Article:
The Requiem mass of Toulouse composer Jean Gilles, composed in the first years of the 18th century, gained fame after the composer's death and was eventually performed at the funeral of the great Rameau himself. This was partly because the work's intended recipients balked at the cost of performing it, with the result that it was first performed at Gilles' own funeral; its reception history involves a kind of Mozartian pathos. Gilles, of course, had no plans to die; he apparently passed away suddenly in 1705. The mass has received various performances since it was first rediscovered in the 1950s, including one on historical instruments led by Philippe Herreweghe and featuring Véronique Gens, but this small French release is choice. The Choeur de Chamber Les Eléments and especially the soloist group get the Brahmsian warmth of the work, which is essentially composed in the style of Marc-Antoine Charpentier but is more melodic and consoling; much of it remains in its tonic major key. The burnished sound of the historical-instrument Orchestre Les Passions, a small group with five violinists and a very light organ-and-theorbo continuo, complements the choir perfectly and features the rarely played and extraordinarily difficult serpent, a tuba ancestor with a uniquely warm sound. The program is completed with a work even less familiar than the Requiem: the seven-section motet Cantate Jordanis incolae, a festive work with exuberant solo writing. The fine audiophile-quality sound was recorded in Toulouse, but the packaging, in French only (the Latin texts of the music are translated into French), does not say where. A very nice find for anyone who likes Baroque choral music.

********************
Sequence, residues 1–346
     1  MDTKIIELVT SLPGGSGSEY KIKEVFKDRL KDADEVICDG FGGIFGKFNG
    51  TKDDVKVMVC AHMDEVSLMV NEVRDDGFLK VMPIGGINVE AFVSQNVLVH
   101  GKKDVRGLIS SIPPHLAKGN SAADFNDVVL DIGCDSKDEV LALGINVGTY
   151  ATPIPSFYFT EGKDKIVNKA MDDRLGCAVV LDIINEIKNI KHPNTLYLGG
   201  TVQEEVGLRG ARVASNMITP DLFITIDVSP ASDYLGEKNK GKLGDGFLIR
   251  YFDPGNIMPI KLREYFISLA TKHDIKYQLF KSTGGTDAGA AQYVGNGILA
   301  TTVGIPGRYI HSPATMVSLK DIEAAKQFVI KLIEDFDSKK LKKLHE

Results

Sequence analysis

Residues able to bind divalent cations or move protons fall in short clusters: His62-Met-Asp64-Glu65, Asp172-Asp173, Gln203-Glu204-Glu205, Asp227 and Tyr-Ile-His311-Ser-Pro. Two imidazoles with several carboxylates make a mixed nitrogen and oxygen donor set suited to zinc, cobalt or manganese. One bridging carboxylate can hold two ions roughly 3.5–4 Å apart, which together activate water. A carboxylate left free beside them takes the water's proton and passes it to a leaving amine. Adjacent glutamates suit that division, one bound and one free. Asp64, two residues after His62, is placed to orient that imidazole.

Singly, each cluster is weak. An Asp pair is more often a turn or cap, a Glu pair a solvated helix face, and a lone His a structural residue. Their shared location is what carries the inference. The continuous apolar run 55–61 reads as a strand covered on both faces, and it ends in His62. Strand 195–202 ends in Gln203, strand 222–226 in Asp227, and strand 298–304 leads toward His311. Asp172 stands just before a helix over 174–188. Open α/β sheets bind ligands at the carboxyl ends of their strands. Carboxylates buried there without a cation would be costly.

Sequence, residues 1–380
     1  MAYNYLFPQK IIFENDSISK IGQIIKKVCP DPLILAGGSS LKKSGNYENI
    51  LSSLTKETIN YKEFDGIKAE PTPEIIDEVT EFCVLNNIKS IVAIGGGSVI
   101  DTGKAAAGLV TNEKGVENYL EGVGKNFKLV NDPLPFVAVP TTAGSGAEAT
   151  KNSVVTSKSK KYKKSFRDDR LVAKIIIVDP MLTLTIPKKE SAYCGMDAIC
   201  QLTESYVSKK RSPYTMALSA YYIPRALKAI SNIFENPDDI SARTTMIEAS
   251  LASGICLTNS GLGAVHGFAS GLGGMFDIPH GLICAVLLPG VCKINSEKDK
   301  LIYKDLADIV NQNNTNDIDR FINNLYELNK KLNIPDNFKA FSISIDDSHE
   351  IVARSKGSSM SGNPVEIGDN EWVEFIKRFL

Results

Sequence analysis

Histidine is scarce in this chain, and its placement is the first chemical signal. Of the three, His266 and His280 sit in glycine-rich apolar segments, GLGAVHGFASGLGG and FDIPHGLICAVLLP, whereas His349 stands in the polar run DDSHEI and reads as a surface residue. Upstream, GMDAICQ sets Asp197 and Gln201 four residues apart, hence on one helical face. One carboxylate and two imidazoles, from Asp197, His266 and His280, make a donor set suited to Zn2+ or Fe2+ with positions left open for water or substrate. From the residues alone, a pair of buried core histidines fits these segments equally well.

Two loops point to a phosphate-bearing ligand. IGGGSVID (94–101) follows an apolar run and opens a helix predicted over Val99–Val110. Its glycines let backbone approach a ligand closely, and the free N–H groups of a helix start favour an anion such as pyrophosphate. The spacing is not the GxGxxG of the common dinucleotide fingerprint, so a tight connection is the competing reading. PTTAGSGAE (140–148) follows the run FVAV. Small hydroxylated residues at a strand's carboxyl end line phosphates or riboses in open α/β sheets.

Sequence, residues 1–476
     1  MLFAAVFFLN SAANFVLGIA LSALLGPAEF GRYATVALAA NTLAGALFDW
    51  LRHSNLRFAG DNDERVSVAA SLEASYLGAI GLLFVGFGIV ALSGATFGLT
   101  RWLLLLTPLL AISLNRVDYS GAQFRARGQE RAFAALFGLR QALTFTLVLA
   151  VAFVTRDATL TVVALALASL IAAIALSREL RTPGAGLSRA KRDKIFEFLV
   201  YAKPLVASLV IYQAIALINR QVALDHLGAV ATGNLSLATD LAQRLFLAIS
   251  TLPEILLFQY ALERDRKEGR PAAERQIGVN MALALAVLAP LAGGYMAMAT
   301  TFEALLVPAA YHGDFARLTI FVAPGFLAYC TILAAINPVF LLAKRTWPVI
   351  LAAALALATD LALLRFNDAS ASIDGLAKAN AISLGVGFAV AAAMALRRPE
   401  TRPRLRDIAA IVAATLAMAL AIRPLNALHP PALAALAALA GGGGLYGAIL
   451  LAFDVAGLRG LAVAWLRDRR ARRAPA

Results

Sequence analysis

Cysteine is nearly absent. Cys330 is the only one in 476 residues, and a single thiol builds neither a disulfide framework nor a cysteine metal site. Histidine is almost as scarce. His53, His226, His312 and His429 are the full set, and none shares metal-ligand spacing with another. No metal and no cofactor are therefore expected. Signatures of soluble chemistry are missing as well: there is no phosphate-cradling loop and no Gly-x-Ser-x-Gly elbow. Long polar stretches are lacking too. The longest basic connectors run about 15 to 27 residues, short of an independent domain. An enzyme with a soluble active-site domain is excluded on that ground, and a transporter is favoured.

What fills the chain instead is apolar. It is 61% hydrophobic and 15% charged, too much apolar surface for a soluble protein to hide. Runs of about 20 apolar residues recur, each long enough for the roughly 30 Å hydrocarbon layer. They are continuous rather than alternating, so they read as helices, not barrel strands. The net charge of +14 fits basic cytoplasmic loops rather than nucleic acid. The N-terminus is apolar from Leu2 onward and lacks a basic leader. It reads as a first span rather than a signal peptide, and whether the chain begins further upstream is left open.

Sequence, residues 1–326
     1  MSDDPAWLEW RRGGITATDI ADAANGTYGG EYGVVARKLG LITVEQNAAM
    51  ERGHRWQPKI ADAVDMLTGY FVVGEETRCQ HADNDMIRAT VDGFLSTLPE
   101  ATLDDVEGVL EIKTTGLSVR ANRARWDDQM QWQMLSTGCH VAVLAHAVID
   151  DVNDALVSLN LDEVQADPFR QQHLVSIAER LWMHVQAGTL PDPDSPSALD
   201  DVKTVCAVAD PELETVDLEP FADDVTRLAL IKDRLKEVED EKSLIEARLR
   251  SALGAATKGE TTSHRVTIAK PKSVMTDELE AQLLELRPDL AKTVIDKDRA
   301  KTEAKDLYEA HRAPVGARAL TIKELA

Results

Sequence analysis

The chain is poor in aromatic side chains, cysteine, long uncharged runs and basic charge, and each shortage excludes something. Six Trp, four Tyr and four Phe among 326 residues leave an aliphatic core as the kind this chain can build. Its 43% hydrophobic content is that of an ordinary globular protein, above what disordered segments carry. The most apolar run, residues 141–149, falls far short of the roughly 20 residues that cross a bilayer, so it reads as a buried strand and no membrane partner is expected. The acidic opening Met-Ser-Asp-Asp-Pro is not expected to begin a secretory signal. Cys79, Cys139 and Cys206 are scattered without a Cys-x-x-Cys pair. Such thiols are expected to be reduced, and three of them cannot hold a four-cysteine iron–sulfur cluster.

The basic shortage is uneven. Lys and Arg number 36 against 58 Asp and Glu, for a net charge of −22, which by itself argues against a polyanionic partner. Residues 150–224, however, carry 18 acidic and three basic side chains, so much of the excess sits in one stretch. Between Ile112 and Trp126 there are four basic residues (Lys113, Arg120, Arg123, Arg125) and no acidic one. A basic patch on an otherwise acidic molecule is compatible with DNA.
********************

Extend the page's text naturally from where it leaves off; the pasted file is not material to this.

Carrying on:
AllMusic Review by James Manheim
|Motet Cantate Jordanis incolœ|